VF Corp. has announced the release of its first-ever Animal Derived Materials Policy, which includes the commitment to progressively ban the use of fur, angora or exotic leather in its brands' products. The policy has been developed in partnership with The Humane Society of the United States and Humane Society International, which work for animal protection at the national and international level, respectively. VF's portfolio of brands includes Timberland, The North Face, Vans, Eastpak, Wrangler, and Lee, among others. Most of the animal derived materials that the brands of the group currently use are down, leather and wool.

The new policy defines which animal materials are banned and sets guidelines for the procurement and use of approved materials by VF's brands and global supply chain partners. The objective of the policy, as defined by VF, is to continue to promote the development of viable commercial substitutes to animal materials, while ensuring that the materials in use are procured from responsible business practices and sources that prioritize animal welfare.

The move is part of the group's commitment toward a more animal-friendly supply chain in recent years. Timberland partnered with other footwear brands, retailers and tanneries to form the Leather Working Group, which works to develop an environmental stewardship protocol for the leather manufacturing industry.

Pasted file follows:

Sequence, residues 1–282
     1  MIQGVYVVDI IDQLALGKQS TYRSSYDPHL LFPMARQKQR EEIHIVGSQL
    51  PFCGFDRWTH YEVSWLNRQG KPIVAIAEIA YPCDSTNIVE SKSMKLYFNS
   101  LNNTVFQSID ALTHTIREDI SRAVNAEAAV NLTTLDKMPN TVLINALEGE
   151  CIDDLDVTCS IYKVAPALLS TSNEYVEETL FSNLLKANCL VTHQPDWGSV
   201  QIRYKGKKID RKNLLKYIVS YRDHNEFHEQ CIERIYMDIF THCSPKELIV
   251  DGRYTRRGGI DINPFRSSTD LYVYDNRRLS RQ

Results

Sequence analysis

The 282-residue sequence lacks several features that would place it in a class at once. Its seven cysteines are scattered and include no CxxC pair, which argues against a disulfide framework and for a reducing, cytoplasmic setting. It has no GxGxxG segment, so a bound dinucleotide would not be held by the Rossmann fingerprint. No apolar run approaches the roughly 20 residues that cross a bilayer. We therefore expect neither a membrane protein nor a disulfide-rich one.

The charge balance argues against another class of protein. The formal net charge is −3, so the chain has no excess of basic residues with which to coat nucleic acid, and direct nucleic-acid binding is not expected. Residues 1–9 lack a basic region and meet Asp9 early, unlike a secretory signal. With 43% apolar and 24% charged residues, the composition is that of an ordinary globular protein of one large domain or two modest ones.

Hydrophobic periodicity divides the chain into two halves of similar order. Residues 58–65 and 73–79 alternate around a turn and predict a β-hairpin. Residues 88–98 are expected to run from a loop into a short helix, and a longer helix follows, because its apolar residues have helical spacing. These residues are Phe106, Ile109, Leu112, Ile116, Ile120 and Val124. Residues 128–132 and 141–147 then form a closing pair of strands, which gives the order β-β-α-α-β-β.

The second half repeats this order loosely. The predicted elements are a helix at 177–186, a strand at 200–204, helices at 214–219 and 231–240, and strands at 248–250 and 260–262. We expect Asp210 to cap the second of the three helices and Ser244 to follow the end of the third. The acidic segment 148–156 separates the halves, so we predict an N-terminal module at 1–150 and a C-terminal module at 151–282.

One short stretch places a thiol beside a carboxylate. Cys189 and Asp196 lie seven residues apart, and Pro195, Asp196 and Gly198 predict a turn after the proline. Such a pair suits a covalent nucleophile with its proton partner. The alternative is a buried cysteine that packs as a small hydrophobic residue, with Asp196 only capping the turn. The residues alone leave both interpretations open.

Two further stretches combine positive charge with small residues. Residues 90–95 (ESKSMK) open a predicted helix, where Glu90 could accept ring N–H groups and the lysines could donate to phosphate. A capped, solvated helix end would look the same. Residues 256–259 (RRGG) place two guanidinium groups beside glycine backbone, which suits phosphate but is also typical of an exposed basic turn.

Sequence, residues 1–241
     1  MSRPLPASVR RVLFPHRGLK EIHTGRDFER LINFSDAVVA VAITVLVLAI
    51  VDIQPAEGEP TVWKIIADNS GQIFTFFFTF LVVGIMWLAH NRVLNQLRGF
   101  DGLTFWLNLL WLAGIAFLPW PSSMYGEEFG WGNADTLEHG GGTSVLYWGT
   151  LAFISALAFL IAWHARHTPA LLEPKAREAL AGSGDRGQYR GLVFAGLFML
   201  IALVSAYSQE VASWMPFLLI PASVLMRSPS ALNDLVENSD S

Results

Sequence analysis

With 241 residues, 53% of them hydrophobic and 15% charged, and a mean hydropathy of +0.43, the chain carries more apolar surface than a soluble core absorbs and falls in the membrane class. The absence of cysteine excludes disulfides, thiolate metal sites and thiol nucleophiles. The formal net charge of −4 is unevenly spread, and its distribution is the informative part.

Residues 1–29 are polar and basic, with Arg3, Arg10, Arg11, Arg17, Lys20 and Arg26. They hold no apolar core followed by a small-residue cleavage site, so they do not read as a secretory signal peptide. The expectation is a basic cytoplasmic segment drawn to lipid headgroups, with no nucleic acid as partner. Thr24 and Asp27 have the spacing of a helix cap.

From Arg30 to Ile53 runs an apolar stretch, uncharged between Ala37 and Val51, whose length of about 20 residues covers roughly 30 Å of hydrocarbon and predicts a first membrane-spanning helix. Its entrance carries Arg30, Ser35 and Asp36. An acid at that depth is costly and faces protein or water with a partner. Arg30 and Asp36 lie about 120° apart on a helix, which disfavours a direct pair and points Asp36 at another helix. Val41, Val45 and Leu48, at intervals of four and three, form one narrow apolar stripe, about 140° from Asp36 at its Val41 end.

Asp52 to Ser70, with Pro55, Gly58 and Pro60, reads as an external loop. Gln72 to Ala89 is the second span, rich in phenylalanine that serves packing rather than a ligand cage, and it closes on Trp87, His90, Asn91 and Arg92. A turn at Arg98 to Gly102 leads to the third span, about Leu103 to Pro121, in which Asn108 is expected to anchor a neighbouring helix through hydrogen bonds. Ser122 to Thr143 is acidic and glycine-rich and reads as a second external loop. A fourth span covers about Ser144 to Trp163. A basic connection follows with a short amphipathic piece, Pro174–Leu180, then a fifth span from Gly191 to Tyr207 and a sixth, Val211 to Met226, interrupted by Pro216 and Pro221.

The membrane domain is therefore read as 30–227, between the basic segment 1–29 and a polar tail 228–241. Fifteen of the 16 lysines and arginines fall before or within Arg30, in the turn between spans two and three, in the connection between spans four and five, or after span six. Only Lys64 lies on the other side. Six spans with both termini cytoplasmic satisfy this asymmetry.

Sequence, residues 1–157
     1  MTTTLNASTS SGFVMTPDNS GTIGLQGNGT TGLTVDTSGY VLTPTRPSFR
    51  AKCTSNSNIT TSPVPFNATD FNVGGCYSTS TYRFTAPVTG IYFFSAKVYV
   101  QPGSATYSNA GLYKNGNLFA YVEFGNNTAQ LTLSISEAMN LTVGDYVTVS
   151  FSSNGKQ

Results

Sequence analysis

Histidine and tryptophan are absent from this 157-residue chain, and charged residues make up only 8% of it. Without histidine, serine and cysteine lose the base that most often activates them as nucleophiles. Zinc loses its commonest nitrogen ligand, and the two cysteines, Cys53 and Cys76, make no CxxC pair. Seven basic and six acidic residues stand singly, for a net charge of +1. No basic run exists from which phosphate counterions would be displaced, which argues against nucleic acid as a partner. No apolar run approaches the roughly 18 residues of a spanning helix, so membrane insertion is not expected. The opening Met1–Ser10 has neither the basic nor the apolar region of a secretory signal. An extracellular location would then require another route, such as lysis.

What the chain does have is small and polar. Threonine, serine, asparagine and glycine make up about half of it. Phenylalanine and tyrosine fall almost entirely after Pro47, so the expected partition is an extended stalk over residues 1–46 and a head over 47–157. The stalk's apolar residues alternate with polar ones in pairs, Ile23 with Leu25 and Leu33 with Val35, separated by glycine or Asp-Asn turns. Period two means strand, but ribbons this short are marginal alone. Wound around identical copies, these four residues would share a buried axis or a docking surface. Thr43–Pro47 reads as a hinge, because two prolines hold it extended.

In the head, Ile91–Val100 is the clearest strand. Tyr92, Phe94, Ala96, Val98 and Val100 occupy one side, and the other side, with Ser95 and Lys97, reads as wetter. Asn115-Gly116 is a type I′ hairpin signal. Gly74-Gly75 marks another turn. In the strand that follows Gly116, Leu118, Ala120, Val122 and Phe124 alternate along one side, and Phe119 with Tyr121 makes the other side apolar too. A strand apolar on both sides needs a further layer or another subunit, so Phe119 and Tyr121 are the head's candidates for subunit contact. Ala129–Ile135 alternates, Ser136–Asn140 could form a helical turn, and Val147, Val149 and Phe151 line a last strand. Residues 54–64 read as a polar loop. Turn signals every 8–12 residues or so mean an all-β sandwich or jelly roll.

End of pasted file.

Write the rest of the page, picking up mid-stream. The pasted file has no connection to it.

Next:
In 2014, The North Face launched the Responsible Down Standard (RDS), a global standard through which any brand can assess and certify its down supply chain, designed to improve the welfare of the ducks and geese providing down feathers used in apparel. The RDS was developed in partnership with Textile Exchange, a global non-profit organization dedicated to sustainability in the textile and apparel industry, and Control Union Certifications, an accredited third-party certification body with expertise in agriculture and farm systems. Textile Exchange now manages the RDS program.

In addition, VF Corp. adheres to existing policies for the purchase and use of so-called “conflict minerals,” which are natural resources extracted in conflict zones, and forest-derived materials. The group follows country of origin rules for cotton and has a Restricted Substances List for its chemical management program. VF's sustainability commitments are extensively illustrated at http:/sustainability.vfc.com